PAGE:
You're welcome.

Chocolate Guinness Cake
This recipe is based on a Chocolate Stout Cake in the March 2012 issue of 5280, our local magazine that highlights everything great in and around Denver, compliments of Kim & Jake's Cakes in Boulder (check out their Vindalicious Cake--wow!).  There are many fantastic breweries in Colorado, and true to their local roots the recipe recommends Boulder's Avery Out of Bounds Stout.

The thing is, although I'm a proud Colorado girl, I will always be first and foremost an Irish girl.  And to an Irish girl the only stout is Guinness.

This cake was so incredibly moist and delicious.  And weighed about ten pounds; no joke!

For the Cake:
6 eggs, room temperature
1 1/2 cups oil (I used Smart Balance Omega--is that like a diet Coke with a Big Mac?)
603 grams (3 cups) granulated sugar
120 grams (1 cup) dark cocoa powder
2 Tablespoons vanilla extract
2 teaspoons kosher salt
2 teaspoons baking soda
630 grams (4 1/2 cups) all purpose flour
3 cups (2 12 oz bottles) Guinness Extra Stout beer

Prepare two 9-inch cake pans (I used baking spray with flour, and lined the bottoms with parchment paper) and preheat the oven to 300 degrees.

In the bowl of a stand mixer, mix together the eggs, oil, sugar, cocoa, vanilla, salt, and baking soda until thoroughly combined.

Alternately add the flour and Guinness a small amount at a time, mixing on the lowest speed.  Oh, and I discovered this would be a good time to put on an apron, too.

Once all of the flour and Guinness have been incorporated, gradually increase the speed of the mixer to the highest speed you can use while still keeping the contents in the bowl (this recipe makes a lot of batter).  Beat on this higher speed for about 30 seconds.

Pour the batter into the prepared pans, and then drop the pans on the counter several times to release air bubbles.  There were a lot of bubbles in my batter; maybe next time I'll allow the Guinness to go flat before using it.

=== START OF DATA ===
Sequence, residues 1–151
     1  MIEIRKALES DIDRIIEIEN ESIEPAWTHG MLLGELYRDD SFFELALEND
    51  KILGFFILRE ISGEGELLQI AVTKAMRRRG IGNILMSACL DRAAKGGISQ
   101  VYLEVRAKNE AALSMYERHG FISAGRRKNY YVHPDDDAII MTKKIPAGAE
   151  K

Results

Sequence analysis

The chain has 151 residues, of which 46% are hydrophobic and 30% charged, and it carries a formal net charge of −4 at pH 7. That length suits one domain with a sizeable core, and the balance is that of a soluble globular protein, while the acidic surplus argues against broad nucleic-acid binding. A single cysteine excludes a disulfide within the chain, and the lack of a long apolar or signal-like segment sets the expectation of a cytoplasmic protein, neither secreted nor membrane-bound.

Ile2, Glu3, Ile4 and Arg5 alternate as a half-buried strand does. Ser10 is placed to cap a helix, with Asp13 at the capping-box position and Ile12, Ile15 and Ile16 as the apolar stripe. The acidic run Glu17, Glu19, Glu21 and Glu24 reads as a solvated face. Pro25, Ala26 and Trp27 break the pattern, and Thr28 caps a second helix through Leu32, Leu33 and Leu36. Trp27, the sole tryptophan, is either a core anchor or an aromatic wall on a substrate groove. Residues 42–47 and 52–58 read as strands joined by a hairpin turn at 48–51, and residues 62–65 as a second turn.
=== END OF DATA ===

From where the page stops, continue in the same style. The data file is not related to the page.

The recipe says to bake in a conventional oven at 300 degrees for about 50 minutes.  I used a convection oven at 275 degrees (the temp calculated by my oven's conversion), and it took 65 minutes.

Cool in the pans on a wire rack for 30 minutes, then turn out onto the wire rack and cool completely before frosting.

For the Frosting:
The recipe calls for a Milk Chocolate Malt Frosting.  I wasn't pleased with the texture of the frosting as the recipe was written; it was pasty and kind of crumbly.  I added half and half by teasponfulls until it reached a consistency that was spreadable (milk would work, too).  I probably could've (and maybe should've) added more than two tablespoons of half and half.

1 pound (4 sticks) butter, softened
2 pounds powdered sugar
3/4 cup dark cocoa powder
1/2 cup malt powder (I used Carnation Malted Milk powder)
2 Tablespoons half and half or milk
1/8 teaspoon vanilla extract or vanilla paste (I used paste, my new fave)

Sift together the powdered sugar, cocoa powder and malt powder.  Set aside.

In the bowl of a stand mixer, cream butter on medium high speed.  Add the powder sugar mixture in small amounts, and mix on low speed after each addition to combine.  Add the vanilla and milk (or half and half) and beat until all ingredients are incorporated and the frosting is light and fluffy.